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The quiet majesty of East Pyne was shattered on Thursday, April 14, as news spread across campus that Academy Award-nominated director Christopher Nolan was on campus shooting his upcoming film “Oppenheimer.” Hundreds of people crowded around the courtyard, some on the ground in the hot sun and others pressed against windows, jostling one another for the chance to glimpse a celebrity.
LGBTQ+ communities inhabit the continually shifting terrain of “identity politics” — the notion that affiliating with an identity group provides an adequate political and social agenda — which, at the moment, is historically under scrutiny from both the left and the right. To align your politics and values with an aspect of your identity — be it gender, sexuality, race, class or ability — seems to some narrow and exclusive. To others, it’s a necessary affirmation of marginalized people in the face of hegemonic power, a portal into a broader social analysis.
To the Editor:
In episode 9 of the Orange Table, we talk Black hair on campus. It’s no surprise that Black hair has been the subject of historical stigmatization and criticism. However, is this stigma present on Princeton’s campus today? What do Black students have to say about the way that their Black hair embodies their identity on campus? And does the University offer adequate accommodations for Black hair? Listen in.
To the Editor:
When representatives of the shires and boroughs were first called to Parliament in England, they were not intended to be a check on the power of the King. They were prominent knights, there to give legitimacy to the acts of the King, not to challenge his authority. Over time, that system evolved and became the House of Commons, a genuinely representative body. Democracy grows like that: you get your foot in the door of power and then make your presence felt until you have a genuine voice.
The Tigers are continuing to slide.
On Thursday afternoon, the University announced that it will be increasing its annual operating budget for the fiscal year 2022–2023, including a 6.6 percent increase in the total undergraduate financial aid budget, along with increases in support for graduate students. The total support for students will increase by more than $500 million.
Play the puzzle here, or in the print edition of The Daily Princetonian’s 2022 Commencement Issue.
Flo Milli to headline Lawnparties; Q & A with Taleeb Noormohamed ’98
Referendum No. 3, which calls on the University administration to halt the use of Caterpillar construction machinery on campus expansion projects, met the threshold to be passed during the Spring Undergraduate Student Government (USG) election cycle this week, according to preliminary election results made public early on Wednesday, April 13.
Carla Berube is the head coach of the Princeton women’s basketball team, which went 25–5 overall — including posting an undefeated 14–0 record in the Ivy League — in its most recent season. The team competed in the first two rounds of the NCAA March Madness tournament before falling to Indiana in a nailbiter.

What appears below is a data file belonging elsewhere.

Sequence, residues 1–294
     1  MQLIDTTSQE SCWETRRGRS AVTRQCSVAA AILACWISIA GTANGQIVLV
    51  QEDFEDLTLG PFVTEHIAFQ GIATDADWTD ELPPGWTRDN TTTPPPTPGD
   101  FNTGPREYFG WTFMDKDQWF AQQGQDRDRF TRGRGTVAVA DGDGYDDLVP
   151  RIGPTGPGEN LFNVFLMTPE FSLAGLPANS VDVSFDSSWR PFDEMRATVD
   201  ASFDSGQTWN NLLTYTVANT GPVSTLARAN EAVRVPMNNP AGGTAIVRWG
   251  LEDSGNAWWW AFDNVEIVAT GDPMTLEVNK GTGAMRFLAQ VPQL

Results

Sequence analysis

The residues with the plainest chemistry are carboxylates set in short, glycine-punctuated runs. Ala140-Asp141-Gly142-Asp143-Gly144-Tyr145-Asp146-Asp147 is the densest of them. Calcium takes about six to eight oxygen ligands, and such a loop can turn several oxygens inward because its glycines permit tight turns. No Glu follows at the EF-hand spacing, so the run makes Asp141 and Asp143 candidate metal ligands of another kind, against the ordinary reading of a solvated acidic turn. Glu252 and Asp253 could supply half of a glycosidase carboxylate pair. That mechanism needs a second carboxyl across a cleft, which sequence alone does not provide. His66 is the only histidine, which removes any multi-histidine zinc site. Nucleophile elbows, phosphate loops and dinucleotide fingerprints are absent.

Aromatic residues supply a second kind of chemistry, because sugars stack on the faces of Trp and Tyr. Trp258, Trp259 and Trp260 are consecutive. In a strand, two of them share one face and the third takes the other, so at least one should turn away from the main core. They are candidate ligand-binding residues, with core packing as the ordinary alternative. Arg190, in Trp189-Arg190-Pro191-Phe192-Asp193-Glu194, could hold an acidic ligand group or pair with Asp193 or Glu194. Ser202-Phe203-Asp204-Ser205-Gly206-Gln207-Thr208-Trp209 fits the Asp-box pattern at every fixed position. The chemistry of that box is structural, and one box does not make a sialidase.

In response to the recent Caterpillar referendum, certain people on campus chose to respond in a way that feigned good faith but when examined more closely, betrayed a misleading, false neutrality. Rabbi Julie Roth, representing the Center for Jewish Life (CJL), sent out an update to “alumni, parents, and friends” of the CJL, thankfully excluding most current undergraduates. Her email expressed the institutional commitment of the CJL to opposing the referendum, all the while validating all Jewish students “regardless of their position on the referendum.” Following this, former Israeli Defense Forces soldier Jacob Katz professed uncertainty about the complexity of the conflict in order to disarm criticism of Palestinian oppression by Israel.
The Tigers in Town program, which funnelled more than $170,000 into local businesses during the Spring 2021 semester, will expand in the Fall 2022 semester, according to Deputy Dean of Undergraduate Students Thomas Dunne.
Men’s basketball senior guard Jaelin Llewellyn will continue his basketball career as a Tiger, but not at Princeton.
The following is a guest contribution and reflects the author’s views alone. For information on how to submit a letter to the editor to the Opinion Section, click here.
Rapper Flo Milli will headline Spring 2022 Lawnparties, according to an email announcement from the Undergraduate Student Government (USG) Social Committee on Wednesday, April 13. Julien Chang and the Deep Green will perform as the student opener.
Since the start of the pandemic in 2020, American college enrollment has declined by 7.8 percent. Undergraduate enrollment across several private four-year colleges has dropped steeply, while the number of Pell-eligible FAFSA applicants from March 15 to April 15, 2020 was down by over 25 percent compared to that same period in 2019. What’s happening to the country’s college-aged population?
Taleeb Noormohamed ’98 is a Canadian Member of Parliament representing Granville, Vancouver. He currently sits as a member on the Canadian Standing Committee on Public Safety and National Security.